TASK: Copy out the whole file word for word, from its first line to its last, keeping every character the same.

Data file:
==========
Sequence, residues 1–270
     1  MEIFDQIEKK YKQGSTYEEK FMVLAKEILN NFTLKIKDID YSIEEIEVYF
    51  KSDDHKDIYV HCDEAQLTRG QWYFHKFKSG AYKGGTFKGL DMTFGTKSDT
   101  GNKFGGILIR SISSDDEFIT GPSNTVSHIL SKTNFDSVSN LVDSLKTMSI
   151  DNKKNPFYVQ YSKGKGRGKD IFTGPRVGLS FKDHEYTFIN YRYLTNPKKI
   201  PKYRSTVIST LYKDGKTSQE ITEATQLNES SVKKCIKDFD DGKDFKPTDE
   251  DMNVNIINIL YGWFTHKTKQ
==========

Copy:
Sequence, residues 1–270
     1  MEIFDQIEKK YKQGSTYEEK FMVLAKEILN NFTLKIKDID YSIEEIEVYF
    51  KSDDHKDIYV HCDEAQLTRG QWYFHKFKSG AYKGGTFKGL DMTFGTKSDT
   101  GNKFGGILIR SISSDDEFIT GPSNTVSHIL SKTNFDSVSN LVDSLKTMSI
   151  DNKKNPFYVQ YSKGKGRGKD IFTGPRVGLS FKDHEYTFIN YRYLTNPKKI
   201  PKYRSTVIST LYKDGKTSQE ITEATQLNES SVKKCIKDFD DGKDFKPTDE
   251  DMNVNIINIL YGWFTHKTKQ